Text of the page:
Precarious piping plover population persists despite climate change extremes

Piping plovers are an endangered shorebird with numbers as low as 50 today, compared to 276 in 1996. (David Prescott - image credit)
Piping plovers are an endangered shorebird with numbers as low as 50 today, compared to 276 in 1996. (David Prescott - image credit)

The population of endangered piping plovers in Alberta has dipped below 100, but a veteran wildlife biologist still sees room for optimism.

Lance Engley is a biologist and special projects manager with the Alberta Conservation Association.

He says the increase in major weather events is a big factor.

"These odd or extreme weather events can impact any wildlife species, but with plovers, it's kind of unique because of where they nest," Engley told the Calgary Eyeopener this week.

"They nest on these very shallow water bodies on wide, expansive beaches with gentle slopes. So when you get a big water or rain event, it can actually inundate or flood their nest. That's probably the biggest impact on an annual cycle. You get a relatively stable level of water and then suddenly you get a big rain event and the water can come up and actually flood their nest out."

The opposite of a lot of water, however, isn't helpful either.

Piping plover eggs.
Piping plover eggs.

Piping plover eggs. (Alberta Conservation Association)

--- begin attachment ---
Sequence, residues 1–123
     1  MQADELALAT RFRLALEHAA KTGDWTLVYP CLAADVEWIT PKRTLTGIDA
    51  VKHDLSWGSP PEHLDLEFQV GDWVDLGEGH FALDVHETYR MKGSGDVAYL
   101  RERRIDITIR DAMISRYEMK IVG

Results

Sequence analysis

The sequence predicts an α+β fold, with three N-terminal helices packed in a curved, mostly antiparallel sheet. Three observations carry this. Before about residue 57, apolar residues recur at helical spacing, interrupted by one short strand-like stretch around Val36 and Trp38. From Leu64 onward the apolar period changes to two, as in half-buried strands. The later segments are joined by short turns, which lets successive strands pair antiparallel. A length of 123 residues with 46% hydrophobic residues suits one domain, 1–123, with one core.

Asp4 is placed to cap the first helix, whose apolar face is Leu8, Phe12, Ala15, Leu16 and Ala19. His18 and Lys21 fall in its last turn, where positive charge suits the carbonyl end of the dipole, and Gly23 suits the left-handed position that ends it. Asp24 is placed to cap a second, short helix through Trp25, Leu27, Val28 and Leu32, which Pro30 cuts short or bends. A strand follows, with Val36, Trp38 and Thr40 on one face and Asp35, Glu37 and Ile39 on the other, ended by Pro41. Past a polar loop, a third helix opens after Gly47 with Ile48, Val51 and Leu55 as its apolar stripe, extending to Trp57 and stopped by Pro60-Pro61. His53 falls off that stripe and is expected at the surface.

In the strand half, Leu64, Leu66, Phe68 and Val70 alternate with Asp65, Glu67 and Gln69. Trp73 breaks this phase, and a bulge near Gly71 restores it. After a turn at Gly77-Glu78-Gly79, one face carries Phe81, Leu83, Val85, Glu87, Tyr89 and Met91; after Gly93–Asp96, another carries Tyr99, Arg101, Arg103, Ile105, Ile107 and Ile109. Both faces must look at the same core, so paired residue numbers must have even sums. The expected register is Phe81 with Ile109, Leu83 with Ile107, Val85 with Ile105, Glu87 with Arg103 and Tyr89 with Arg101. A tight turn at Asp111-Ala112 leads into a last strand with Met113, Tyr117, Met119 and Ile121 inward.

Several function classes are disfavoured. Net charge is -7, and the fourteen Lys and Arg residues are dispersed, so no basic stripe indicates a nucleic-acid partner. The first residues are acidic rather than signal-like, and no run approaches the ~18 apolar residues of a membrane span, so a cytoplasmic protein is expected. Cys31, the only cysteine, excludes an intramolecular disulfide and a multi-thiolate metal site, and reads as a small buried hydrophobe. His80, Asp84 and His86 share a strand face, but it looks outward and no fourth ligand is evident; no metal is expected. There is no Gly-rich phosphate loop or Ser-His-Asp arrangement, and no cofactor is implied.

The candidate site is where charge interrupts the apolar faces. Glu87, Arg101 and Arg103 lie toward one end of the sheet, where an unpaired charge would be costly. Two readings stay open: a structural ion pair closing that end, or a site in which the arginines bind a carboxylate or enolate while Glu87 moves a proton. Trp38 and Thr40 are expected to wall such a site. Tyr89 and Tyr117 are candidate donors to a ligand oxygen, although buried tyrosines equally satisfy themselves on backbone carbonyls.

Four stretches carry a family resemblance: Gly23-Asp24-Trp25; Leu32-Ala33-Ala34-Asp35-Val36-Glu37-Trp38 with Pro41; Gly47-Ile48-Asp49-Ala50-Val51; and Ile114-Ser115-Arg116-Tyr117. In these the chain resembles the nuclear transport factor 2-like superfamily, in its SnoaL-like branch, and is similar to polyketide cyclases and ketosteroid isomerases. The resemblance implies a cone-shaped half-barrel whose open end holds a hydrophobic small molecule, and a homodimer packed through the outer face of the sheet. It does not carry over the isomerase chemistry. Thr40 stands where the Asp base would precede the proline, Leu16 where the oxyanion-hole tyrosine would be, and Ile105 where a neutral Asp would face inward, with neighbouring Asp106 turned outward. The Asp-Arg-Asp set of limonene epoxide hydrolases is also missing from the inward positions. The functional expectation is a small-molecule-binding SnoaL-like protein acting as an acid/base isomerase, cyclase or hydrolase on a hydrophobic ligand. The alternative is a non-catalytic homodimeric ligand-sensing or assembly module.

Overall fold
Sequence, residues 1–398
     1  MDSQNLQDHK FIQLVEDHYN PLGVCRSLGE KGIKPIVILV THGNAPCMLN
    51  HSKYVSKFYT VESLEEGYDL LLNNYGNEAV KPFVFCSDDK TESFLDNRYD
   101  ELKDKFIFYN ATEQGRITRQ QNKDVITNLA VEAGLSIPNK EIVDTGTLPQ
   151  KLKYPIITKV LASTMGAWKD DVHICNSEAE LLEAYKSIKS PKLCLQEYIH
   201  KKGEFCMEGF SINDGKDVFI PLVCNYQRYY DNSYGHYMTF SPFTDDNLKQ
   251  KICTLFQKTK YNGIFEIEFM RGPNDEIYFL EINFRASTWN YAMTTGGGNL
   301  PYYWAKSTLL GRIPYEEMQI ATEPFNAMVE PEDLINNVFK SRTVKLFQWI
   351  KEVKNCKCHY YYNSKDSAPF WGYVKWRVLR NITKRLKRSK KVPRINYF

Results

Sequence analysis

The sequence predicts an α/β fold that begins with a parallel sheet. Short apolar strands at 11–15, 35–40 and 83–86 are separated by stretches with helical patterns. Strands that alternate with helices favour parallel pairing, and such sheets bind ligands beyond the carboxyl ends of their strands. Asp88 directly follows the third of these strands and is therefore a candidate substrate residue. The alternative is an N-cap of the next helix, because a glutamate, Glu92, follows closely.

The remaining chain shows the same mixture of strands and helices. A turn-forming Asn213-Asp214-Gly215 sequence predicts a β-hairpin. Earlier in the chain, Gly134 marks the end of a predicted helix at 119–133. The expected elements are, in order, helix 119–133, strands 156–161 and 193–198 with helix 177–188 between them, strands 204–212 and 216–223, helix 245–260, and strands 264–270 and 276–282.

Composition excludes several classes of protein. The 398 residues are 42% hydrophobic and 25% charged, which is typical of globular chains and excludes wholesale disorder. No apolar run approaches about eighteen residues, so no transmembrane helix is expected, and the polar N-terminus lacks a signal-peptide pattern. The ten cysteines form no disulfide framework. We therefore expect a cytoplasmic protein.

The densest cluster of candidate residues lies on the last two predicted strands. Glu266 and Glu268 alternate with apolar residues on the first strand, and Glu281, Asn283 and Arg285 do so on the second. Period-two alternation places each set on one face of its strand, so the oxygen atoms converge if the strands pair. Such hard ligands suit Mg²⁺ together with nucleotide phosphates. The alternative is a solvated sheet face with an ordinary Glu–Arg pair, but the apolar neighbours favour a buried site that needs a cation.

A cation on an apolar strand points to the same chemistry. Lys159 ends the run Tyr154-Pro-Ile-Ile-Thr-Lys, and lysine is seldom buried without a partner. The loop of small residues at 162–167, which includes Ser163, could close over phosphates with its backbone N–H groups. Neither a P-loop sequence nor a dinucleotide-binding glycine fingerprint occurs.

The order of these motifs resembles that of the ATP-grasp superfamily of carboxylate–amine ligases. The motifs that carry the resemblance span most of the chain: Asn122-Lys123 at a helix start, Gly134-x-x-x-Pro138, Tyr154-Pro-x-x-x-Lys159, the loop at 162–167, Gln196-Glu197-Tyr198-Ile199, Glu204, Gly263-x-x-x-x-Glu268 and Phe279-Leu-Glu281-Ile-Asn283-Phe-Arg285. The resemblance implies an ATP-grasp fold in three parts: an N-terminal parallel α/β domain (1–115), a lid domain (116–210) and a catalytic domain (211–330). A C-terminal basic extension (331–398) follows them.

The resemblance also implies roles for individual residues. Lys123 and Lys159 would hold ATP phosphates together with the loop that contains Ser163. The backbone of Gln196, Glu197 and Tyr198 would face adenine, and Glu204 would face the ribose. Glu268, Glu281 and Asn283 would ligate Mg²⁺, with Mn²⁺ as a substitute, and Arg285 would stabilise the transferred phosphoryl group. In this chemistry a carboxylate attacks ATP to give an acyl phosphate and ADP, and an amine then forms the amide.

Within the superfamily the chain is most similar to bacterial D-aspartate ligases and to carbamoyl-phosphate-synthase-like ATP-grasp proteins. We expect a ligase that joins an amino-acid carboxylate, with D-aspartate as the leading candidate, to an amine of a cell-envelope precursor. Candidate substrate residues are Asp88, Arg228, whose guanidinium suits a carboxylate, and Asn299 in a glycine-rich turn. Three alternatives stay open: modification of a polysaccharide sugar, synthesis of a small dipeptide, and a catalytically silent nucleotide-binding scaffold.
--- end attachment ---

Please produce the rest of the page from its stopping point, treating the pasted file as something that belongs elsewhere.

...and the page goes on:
"But when you get these extreme periods of drought, we have vegetation that continues to grow in," Engley explained.

"We have habitat now where we have trees the size of my thigh growing on the shoreline of lakes that used to have really good, gravelly habitat. It's just completely covered with vegetation now. Without those wetter years, we end up losing the habitat."

Engley has made conservation his focus for about 25 years, with a soft spot for piping plovers.

"They are a small shorebird, about the size of a bluebird, a little smaller than a robin. They are very cryptic in colour, slate grey on the back with a black band on the front. Camouflage is really one of their key defences," he said.

"They nest on the ground in a little gravel bowl on these large, open, gravelly beaches that usually occur on a salty, shallow, prairie water body. Not your typical lake that you would expect to recreate on."

Piping plovers, also known as Charadrius melodus, can be found in east central Alberta from Hanna up through Provost and Wainwright, he said.

Piping plover chicks hatching.
Piping plover chicks hatching.

Piping plover chicks hatching. (Alberta Conservation Association)

Down from 276 in 1996

In 2001, 150 were counted in the province, down from 276 in 1996.

"We had a pretty good recovery up into the mid-2000s, and now we've seen them drop off again as the habitat challenges have become more prevalent over the last decade. They are still struggling," Engley said.

"There are probably between 50 and 75 left in the province right now. Very low numbers. We did find a few yesterday, more than we were expecting, so that's a really positive sign."

Engley says focusing on an endangered species can be bittersweet.

"It can be frustrating, for sure, thinking about how much time I have spent working on this. We have seen really positive results and more downward trends on stuff that is more difficult to mitigate against," he said.

"It has been fantastic working with landowners. In east-central Alberta, most of these lakes are surrounded entirely by private land. We can't get any of the work done without their cooperation, so that's been really positive."